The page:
1. Limited time only! Sign up for a free 30min personal tutor trial with Chegg Tutors
    Dismiss Notice
Dismiss Notice
Join Physics Forums Today!
The friendliest, high quality science and math community on the planet! Everyone who loves science is here!

Conservation of momentum and force of friction (static)

  1. Aug 24, 2011 #1
    I'm a programmer and I've been working on a simulation that involves some physics.

    Part of my simulation involves two 3D spheres colliding where each sphere has its own mass and velocity. I already found code that handles that and applies conservation of momentum to get the new resulting velocities after the collision. No problem there.

    The other part of my simulation involves applying a force of friction (static) and a force of friction (kinetic) to the spheres. That's easy enough to do; I have that part working too.

    Here is my problem though. What happens when sphere "A" has a velocity of zero and a force of friction static associated with it and then another sphere "B" collides with it? The conservation of momentum instantaneously gives sphere "A" some velocity but how do I know whether that collision was enough to overcome the force of friction (static) on sphere "A" in the first place? Maybe the sphere "A" should still be at rest. And if sphere "A" should still be at rest, will the magnitude of sphere "B"'s velocity remain the same (like a ball rebounding off a wall)?

    Maybe this can be explained to me in terms of 1 dimensional physics and I can figure out how to apply it to 3D later. Its been about 17 years since I've taken college physics, so I'm rusty on all this.

    So I know that (m1*u1)+(m2*u2) = (m1*v1)+(m1*v2)
    Where u is the velocity before the collision and v is the velocity after the collision.

    I also know that Force = mass * acceleration

    So I have constant velocities in one equation and acceleration in the other equation. I don't even know how to relate the two equations together. What am I missing here?

    Right now I am cheating and just using an "opposing velocity" (as my simulated force of static friction), if the magnitude of the new velocity after the collision is less than the magnitude of the opposing velocity, then I set the new velocity to zero. But this of course does not even handle the fact that sphere "B" just lost its energy and didn't move sphere "A" at all.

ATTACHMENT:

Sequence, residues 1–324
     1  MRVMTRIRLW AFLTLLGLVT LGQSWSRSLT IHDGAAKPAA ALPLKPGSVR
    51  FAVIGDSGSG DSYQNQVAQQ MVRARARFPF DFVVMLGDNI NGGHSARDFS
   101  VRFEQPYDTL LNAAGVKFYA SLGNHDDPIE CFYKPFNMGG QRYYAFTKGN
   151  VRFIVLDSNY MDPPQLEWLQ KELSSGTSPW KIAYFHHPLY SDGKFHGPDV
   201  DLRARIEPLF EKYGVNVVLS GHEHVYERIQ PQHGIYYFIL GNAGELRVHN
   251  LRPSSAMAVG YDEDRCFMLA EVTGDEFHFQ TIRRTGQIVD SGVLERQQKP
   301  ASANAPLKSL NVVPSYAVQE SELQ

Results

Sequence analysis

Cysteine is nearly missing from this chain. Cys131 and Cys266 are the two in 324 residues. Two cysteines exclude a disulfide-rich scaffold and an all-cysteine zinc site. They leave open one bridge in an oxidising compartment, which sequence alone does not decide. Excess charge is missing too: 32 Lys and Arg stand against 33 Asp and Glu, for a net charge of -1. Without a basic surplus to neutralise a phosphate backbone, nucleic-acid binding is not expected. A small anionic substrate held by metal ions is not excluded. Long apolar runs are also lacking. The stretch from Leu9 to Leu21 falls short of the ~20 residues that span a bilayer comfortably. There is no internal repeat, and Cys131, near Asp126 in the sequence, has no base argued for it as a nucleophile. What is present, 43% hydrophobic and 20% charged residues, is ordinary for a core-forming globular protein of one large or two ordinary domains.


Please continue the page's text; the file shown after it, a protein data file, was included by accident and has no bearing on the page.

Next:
I would like to learn how to handle this the right way if possible.
     
  2. jcsd
  3. Aug 25, 2011 #2

    K^2

    User Avatar
    Science Advisor

    You need to know the magnitude of the force, and the only way to do that is to know the time-profile of the collision. Unfortunately, merely knowing the initial momenta is not sufficient.

    Generally, analytic solution of collision is dropped for problems like that. Consider, for example, what mess you'll get if you have 3 spheres colliding.

    Instead, pretend that spheres are not perfectly hard. That when colliding, they allow some intersection of the "perfect" spheres. That intersection can be used to find the force of interaction. By evaluating these over short enough time you can compute collision which can depend on friction.

    How (if at all) are you handling rolling, by the way?

    I wrote a pool sim a few years ago, so I've ran into pretty much every possible pitfall of simulating things this way. Feel free to PM me if you'll have more specific questions.
     
  4. Aug 25, 2011 #3
    I partially understand what you are saying but I still can not put it into a formula.

    I'm not handling rolling. My spheres could be moving through air or water or whatever, they aren't rolling on a flat surface. I don't care about any potential spin that would be put on the sphere from a collision either.
     
Know someone interested in this topic? Share this thread via Reddit, Google+, Twitter, or Facebook